Matisse Cut Outs at the Tate Modern in London

I love the Tate Modern.
It might not be the easiest museum to access, but it is definitely one not to miss.
The nearest Tube stations are Southwark, Blackfriars, St Paul and London Bridge. So after a walk, you will finally face a building that you can’t miss, as it looks like an old factory.
In fact, the Tate Modern used to be the Bankside Power Station, a former oil-fired power station, which generated electricity from 1952 to 1981.
In 1994, the site was selected to host the new gallery for international modern and contemporary art in London and the architects that were chosen decided to conserve most of the external and internal structure of the power station.
I have to admit that I don’t really like the building itself, but it is nonetheless far better than the Centre Pompidou in Paris. This is of course only my opinion! 

I first went to the Tate Modern last year to see the amazing Retrospective about Lichtenstein.
This year, I was very interested by the exhibition about Matisse’s Cut Outs but almost missed it. 
Indeed, the last day will be on Sunday the 7th of September.  Fortunately, I saw many reminders on busses; if I really wanted to go, it was now or never.
I finally decided myself to go last Wednesday, after my Early shift and before my 2 days off. I was pretty tired but didn’t want to waste my afternoon by taking a nap or being on my computer. I took the Tube to Southwark and walked for about 10 min.
I didn’t ordered my ticket online because I wasn’t 100% sure to go before the end of my shift but also because it seemed to have availability for all time slots on that day. I only queued for 10 min before getting my precious ticket. 

Matisse (1869 – 1954) was a French artist, known for his use of colour and his fluid and original draughtsmanship. He was a draughtsman, printmaker and sculptor, but is known primarily as a painter. Matisse is commonly regarded, along with Pablo Picasso (his friend and rival) as one of the artists who opened the way for modern art.
But what is interesting is that Matisse was not meant to be an artist.
He studied law and worked as a clerk. He only started to paint in 1889, after his mother brought him art supplies during a period of convalescence following an attack of appendicitis. He discovered “a kind of paradise” as he later described it, and decided to become an artist, deeply disappointing his father.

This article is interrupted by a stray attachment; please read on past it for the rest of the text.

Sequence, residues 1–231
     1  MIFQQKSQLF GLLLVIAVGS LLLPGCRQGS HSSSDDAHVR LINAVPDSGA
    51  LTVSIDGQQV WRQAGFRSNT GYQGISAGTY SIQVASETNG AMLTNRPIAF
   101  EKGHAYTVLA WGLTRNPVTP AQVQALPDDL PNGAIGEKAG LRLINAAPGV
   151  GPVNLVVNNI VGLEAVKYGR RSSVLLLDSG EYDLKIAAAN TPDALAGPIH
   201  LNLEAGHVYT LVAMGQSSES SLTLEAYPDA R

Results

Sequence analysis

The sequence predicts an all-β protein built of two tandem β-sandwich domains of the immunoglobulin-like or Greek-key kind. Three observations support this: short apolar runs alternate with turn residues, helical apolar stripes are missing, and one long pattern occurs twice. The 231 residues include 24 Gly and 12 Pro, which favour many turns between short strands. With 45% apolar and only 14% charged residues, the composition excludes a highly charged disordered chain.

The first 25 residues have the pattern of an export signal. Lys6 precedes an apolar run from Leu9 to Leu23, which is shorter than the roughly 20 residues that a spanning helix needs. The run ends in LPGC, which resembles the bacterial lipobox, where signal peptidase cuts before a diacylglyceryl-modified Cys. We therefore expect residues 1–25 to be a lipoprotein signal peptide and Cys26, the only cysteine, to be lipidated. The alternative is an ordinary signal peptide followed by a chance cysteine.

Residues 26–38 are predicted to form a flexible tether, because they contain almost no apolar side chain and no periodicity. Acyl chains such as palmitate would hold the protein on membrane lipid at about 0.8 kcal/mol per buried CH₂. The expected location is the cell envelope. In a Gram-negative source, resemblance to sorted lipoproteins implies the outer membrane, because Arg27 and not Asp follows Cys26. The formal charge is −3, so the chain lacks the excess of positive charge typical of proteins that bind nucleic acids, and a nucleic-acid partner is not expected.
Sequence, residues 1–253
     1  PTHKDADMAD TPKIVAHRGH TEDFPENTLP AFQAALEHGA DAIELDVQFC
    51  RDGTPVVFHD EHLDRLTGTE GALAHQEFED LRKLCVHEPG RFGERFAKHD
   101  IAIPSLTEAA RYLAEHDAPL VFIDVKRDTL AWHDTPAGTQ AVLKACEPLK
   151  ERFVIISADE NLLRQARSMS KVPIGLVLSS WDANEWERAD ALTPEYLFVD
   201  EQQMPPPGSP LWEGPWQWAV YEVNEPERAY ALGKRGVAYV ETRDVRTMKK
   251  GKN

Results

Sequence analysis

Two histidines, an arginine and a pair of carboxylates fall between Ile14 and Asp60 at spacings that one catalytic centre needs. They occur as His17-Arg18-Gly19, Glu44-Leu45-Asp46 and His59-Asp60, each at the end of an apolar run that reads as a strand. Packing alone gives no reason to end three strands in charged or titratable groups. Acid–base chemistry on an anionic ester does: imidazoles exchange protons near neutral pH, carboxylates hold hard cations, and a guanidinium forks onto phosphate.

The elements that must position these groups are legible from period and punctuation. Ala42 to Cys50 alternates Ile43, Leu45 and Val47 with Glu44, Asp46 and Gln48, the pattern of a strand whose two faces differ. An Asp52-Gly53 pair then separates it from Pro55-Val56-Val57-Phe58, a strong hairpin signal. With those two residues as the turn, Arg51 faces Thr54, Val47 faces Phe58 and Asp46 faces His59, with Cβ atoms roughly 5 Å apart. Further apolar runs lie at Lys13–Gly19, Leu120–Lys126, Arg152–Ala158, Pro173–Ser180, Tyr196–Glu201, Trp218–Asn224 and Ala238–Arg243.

Although he began his craft later in life than most artists, Matisse continued to create and innovate well into his eighties.
In 1941, he was diagnosed with cancer and, following surgery, he started using a wheelchair.
He turned to paper cut-outs because it was physically more manageable and offered a new potential for expression. By manoeuvring scissors through prepared sheets of painted paper called “gouaches découpées”, he inaugurated a new phase of his career. Paper cut-outs symbolized for Matisse the synthesis of drawing and painting. It encouraged him to simplify forms even further, distilling the object’s “essential character” until it became a symbol of itself.
After having cut of the shapes, the second part of the creative process entailed his assistants pinning the cut pieces of paper to the walls of his studio. When the desired balance of form and colour was achieved, the finished composition was glued to some type of support such as paper, canvas, or board.
At the entrance of the exhibition, I was given a small leaflet with the most important information. It is a nice touch because you can keep it as a souvenir but also because it prevent from having many people pack together trying to read the boards (often written in a too small font). If you want to have further information, you have the possibility to rent an audio-guide.
The exhibition is composed of 14 rooms, each one with a different theme, such as Oceania, the Blue Nudes or the Snail.
After a bit more than 1 hour, I was out again and I can say that I really enjoyed my time.
The color were sublime and the arrangements splendid. 
This exhibition also brought back very old memories, when I was about 8-9 years old and visited Vence with my French grand-mother, where Matisse lived but also designed from scratch the Chapelle du Rosaire, which he considered as his masterpiece.
For a break between 2 exhibitions or before leaving, I’ll recommend you to go to the Expresso bar on the 3rd floor; it offers a wonderful view over the Thames and St Paul Cathedral.
Then, before leaving the building, visit the Main Shop on level 0 to buy original and instructive presents for your relatives and/or yourself. It offers the widest range of books on modern art and culture in the UK with a fantastic range for children and a stunning display of merchandise.  I sometimes only come to the Tate Modern to visit the shop.
Once outside, you’ll have the possibility to take the Millenium Bridge to reach St Paul Cathedral or to walk along the Southbank, both are nice alternatives. 

If you’re in London before Sunday the 7th of September, run to see this exhibition!
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